September 26, 2008

Food Hubs and Local Histories . .

I re-visited Mount Road recently. To check out Bombay Halwa House, once our favourite destination.
As the name suggests, this place is known for its halwa. But there are a few other things on its menu which has drawn people for over 50 years.
Bread and peas masala is one.
I was there on a Sunday and the young man who was in charge did not seem to be in a particularly good mood.
I had hoped to engage him in a conversation and catch up with the House's recent development. I failed.
Wonder if it was the rain which had affected his business or was he simply bored with this trade?
Restaurants and eating joints have a lot to do with our lives. What they do, how they entertain people and their colourful histories tell us who we are.
I wanted to check out another place. Yes, an eating place in the busy Thousand Lights area of Mount Road.
The Irani Restaurant, a hole in the wall, was the last refuge of all those who had closed work after 11 p.m. and wanted to satiate their hunger with simple, hot, good food. Parathas and mutton kurma or ‘paya’.
This Irani which had maybe six tables would be busy at that time. And this was the pre-BPO and IT boom era.
The Irani, which morphed into something unremarkable, is no more on the map of our city.
This Navaratri I intend to explore the Mint Street and Sowcarpet area to find out if the old has given way to the new and why.
The street food business is still alive and well in those parts. And a few new restaurants have opened up, offering authentic Gujarati and Marwari food.
The festival season should be the best time to explore.
One area where street food can become a huge draw if some things were done right is the Triplicane-Zam Bazaar hub.
You may not get the best biriyani and kebabs here now because the fast food joints compromise a lot.
But if we were to clean up the inner streets after dusk, cut off the traffic, put out the tables and benches and begin cooking in the nooks, we would have a great food destination.

September 20, 2008

Walking Classes Unite

Here is an opportunity to tell the city Corporation why it should respect its citizens.

Citizens who walk to exercise, to shop, to run errands and to go and meet friends and relatives.Keep a date this Sunday with a group which calls itself 'Walking Classes Unite'.

Karen Coelho and her supporters are the prime movers behind this simple campaign. A campaign to get back our sidewalks, our pavements.

Karen who researches and teaches at the MIDS in Adyar has done extensive work on the basic amenities provided to people in north Madras. She has now focused on the walking classes. Karen and Venkat and the rest ran a campaign on the OMR, now Rajiv Gandhi Salai, in the Thiruvanmiyur section, some time ago. They invited some young people who attend rehab and training sessions at 'Vidya Sagar' because they are children with special needs.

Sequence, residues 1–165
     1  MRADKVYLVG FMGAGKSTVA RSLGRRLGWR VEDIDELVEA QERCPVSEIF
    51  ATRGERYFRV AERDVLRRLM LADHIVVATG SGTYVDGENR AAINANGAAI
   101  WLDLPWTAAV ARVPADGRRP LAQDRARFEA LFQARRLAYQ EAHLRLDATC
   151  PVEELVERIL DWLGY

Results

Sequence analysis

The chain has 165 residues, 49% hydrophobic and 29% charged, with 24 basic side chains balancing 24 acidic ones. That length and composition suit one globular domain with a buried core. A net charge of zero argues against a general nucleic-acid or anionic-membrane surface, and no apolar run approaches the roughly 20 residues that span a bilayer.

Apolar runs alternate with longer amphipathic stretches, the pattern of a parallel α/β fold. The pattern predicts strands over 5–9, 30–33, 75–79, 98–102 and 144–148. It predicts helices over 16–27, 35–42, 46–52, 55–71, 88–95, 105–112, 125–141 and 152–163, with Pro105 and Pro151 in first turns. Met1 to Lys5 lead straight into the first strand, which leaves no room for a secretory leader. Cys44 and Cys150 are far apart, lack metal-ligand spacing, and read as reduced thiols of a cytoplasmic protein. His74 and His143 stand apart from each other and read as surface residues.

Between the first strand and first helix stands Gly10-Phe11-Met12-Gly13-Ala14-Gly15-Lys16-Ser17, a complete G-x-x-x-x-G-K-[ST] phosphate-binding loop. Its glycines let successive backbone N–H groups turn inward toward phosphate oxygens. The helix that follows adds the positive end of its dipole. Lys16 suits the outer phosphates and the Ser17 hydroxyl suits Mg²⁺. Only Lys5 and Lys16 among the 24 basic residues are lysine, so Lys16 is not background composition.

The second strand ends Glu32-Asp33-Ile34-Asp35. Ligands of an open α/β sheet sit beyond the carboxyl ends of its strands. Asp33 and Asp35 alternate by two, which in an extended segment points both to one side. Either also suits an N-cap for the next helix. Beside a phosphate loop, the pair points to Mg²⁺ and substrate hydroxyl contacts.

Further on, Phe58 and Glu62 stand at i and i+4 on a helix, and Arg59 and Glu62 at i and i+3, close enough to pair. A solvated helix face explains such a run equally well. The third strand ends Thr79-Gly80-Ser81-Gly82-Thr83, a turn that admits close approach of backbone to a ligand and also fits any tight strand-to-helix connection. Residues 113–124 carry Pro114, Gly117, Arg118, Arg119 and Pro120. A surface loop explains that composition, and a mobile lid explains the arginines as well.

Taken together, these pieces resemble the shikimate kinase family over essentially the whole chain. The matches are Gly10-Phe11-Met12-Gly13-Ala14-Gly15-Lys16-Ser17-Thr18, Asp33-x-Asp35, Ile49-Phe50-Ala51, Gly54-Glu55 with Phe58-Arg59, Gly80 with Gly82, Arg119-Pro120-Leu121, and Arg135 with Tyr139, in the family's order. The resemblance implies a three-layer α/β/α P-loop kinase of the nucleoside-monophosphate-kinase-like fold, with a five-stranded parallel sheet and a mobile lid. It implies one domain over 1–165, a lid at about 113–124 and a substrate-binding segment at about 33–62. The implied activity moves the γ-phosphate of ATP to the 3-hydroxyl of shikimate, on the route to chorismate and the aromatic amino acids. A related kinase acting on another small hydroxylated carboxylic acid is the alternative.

The group started at one end of the OMR pavement and made a note of the obstructions, cracks, ups and downs, width and other such features of this pavement. It was in some ways an audit. You can imagine the results - this was certainly not a pavement even normal people can use.

On Sunday, September 21, the Walking Classes group is launching a bigger campaign. They want all of us who care to assemble at the Triumph of Labour statue on the Marina at 4.30 p.m. and walk on the pavement till a point in the sands of Srinivasapuram off Foreshore Estate. Hopefully, this campaign will lead to more sustained efforts to impress on the City Fathers the need to build proper pavements. And the efforts will bear fruit if the campaign is localised and intensified. There are a few core issues though.

One - a blatant plan by the city's civic body to reduce pavements to mere appendages of main roads ( there are places alongside the flyover in Alwarpet where the apology is reduced to about five inches!).

Two - does one tackle encroachment and misuse of sidewalks by converting them into roadside green spaces?

Three - why have councillors in most zones of our city approved proposals to redo sidewalks in inner colonies where people do not need them at all?

Karen and Co. have a long campaign ahead. Give them a hand please instead of cribbing.

September 12, 2008

Whose job is it anyway?

Is it my job to react when I see a vandalised avenue tree?
I have and I am wondering how far I can go on this.
My response follows what we have been doing at our community newspapers for some years now.
Covering civic issues and community-elected leaders a bit closely.
We have reported on the last two civic body elections.